Not only is everything infrastructure, but a police state is the biggest infrastructure. The infrastructure bill contains a police state built in.
Forget the electric cars and car charges. Sure, they’re a much bigger part of the infrastructure bill than the bridges and tunnels. But the bill has big plans for your car.
And for you.
Tucked away on page 508 of the U.S. Senate’s 2,700-page, so-called “infrastructure” bill, are the plans for a national “per mile fee” pilot program. And it is exactly what it sounds like — the more you drive, the more you pay.
More concerning than cost is privacy. In the name of fighting “climate change” and funding future infrastructure, the federal government would most likely have to track everywhere Americans drive at varying degrees, all while reportedly keeping private data safe.
At first, and on a strictly volunteer basis, the secretary of transportation would track participants from all 50 states, D.C., and Puerto Rico using various methods to record vehicle miles.
The rise of electric cars is the basis for the pay-per-mile program. The Biden administration promised it wouldn’t be doing that. It lied.
Possible recording methods listed in the bill include:
Third-party on-board diagnostic (OBD-II) devices.
Telemetric data collected by automakers.
Motor vehicle data obtained by car insurance companies.
Data from the States that received a grant under section 6020 of the FAST Act.
Motor vehicle data obtained from fueling stations.
Any other method that the Secretary considers appropriate.
Those are the tip of the iceberg because your car will monitor you in all sorts of ways.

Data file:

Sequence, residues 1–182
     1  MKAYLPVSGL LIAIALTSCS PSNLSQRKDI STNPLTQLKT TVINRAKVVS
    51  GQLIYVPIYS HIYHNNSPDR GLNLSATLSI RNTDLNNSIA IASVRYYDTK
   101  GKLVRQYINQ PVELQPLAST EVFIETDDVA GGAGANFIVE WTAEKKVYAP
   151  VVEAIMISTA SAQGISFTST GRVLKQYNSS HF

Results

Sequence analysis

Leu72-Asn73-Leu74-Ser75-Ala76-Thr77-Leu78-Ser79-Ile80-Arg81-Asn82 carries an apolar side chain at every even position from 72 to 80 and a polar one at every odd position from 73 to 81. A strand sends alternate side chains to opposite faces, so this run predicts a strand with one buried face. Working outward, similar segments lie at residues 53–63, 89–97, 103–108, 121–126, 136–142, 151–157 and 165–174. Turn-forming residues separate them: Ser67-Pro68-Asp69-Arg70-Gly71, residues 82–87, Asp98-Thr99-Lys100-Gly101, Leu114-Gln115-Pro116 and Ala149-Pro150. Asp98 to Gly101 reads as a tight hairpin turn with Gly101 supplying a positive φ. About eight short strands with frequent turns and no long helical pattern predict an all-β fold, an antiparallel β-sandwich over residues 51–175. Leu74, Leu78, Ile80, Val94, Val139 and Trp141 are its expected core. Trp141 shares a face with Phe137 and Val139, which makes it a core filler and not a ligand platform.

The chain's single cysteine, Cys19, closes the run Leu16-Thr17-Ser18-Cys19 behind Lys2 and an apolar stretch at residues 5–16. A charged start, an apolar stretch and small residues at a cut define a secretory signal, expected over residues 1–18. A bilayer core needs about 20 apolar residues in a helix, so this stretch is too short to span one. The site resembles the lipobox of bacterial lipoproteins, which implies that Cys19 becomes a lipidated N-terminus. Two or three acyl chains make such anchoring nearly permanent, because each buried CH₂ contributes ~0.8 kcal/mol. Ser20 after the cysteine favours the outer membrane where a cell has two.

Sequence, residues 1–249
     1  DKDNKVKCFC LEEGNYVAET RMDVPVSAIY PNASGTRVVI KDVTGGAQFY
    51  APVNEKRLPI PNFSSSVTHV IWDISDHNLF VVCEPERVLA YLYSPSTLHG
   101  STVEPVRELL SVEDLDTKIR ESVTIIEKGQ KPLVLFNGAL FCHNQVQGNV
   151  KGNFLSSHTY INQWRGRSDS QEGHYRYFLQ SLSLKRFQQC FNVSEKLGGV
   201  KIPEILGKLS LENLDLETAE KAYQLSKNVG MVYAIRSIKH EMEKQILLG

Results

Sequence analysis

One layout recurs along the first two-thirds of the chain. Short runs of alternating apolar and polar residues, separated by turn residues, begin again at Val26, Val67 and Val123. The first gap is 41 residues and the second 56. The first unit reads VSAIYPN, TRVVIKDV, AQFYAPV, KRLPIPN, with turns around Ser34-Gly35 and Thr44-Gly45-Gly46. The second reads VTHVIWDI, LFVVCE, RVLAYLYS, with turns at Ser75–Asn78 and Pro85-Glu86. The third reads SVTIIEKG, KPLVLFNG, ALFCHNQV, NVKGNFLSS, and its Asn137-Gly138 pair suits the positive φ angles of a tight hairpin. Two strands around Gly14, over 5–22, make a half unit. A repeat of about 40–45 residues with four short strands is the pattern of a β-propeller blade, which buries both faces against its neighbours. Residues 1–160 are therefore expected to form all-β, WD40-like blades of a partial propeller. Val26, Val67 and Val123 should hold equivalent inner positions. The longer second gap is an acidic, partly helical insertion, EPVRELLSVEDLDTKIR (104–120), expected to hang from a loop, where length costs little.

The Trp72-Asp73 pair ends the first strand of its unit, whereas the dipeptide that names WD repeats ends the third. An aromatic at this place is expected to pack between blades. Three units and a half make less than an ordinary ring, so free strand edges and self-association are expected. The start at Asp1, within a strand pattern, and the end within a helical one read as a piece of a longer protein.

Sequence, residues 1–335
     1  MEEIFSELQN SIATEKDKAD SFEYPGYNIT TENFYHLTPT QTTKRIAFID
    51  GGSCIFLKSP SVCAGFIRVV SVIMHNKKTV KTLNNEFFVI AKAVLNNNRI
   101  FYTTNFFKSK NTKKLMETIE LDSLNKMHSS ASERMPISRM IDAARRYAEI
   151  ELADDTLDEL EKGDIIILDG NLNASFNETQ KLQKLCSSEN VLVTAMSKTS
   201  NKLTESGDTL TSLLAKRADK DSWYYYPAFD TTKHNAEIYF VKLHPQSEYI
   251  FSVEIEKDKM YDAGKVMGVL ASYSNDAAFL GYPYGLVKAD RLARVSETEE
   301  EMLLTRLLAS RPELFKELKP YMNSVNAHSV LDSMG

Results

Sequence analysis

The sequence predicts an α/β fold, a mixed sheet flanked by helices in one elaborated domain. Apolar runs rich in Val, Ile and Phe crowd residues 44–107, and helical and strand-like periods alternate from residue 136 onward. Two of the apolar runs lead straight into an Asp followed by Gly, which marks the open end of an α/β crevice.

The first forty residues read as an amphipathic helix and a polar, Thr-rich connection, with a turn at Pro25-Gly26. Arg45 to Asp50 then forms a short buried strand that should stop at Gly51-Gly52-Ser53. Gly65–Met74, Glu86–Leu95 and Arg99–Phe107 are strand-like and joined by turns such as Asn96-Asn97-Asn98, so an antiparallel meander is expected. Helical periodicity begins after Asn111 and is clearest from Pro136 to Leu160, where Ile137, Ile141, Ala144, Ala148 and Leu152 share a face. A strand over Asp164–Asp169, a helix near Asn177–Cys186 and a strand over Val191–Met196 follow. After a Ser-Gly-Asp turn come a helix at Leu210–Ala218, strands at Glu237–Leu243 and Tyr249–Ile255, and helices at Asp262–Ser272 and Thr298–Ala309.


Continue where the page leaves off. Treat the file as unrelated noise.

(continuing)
The bipartisan infrastructure bill includes a provision that would require auto manufacturers to equip “advanced alcohol monitoring systems” in all new cars.
Buried in the massive proposal—which is already longer than 2,700 pages—is a section titled, “ADVANCED IMPAIRED DRIVING TECHNOLOGY,” which mandates new vehicles include “a system that … passively and accurately detect[s] whether the blood alcohol concentration of a driver of a motor vehicle is equal to or greater than the blood alcohol concentration” of .08, in which case the system would “prevent or limit motor vehicle operation.” Automobile manufacturers would have a three-year grace period to comply with the regulation.
This amounts to monitoring everyone all the time.
The provision doesn’t lay out the exact technologies NHTSA should explore other than to say the final product should “passively monitor” a driver to “accurately identify” whether they can drive their car safely.
And cars that won’t start because of any number of triggers.
Among the systems that have been studied are ones that monitor a driver for signs of distracted, impaired or fatigued driving. One uses sensors that scan drivers’ eyes for signs that are similar to ones that police officers look for when they suspect impairment during traffic stops.
If your eyes scan wrong, good luck getting home. If your car’s spy eye is buggy, good luck getting home. If you offend the overseers, good luck driving ever again.
When I wrote this a decade ago, it was supposed to be a parody.
Anyone can enter and drive a Discord once they undergo a privilege check that connects the driver by remote satellite link to an organic public intellectual with a PhD in Social Justice.
Envia Motors has also reached out to the Muslim community by programming the Discord 2015 to explode when it hears the words, “Jihad”, “Allahu Akbar” or “Shiite.” It will also explode when its internal CPU, which is always monitoring your conversations, hears anything racist, homophobic, transphobic, cisgender, heteronormative or any other thoughtcrimes from a list that is constantly being updated through the cloud.
Sometimes the Discord 2015 will just explode for no reason. Check your privilege.
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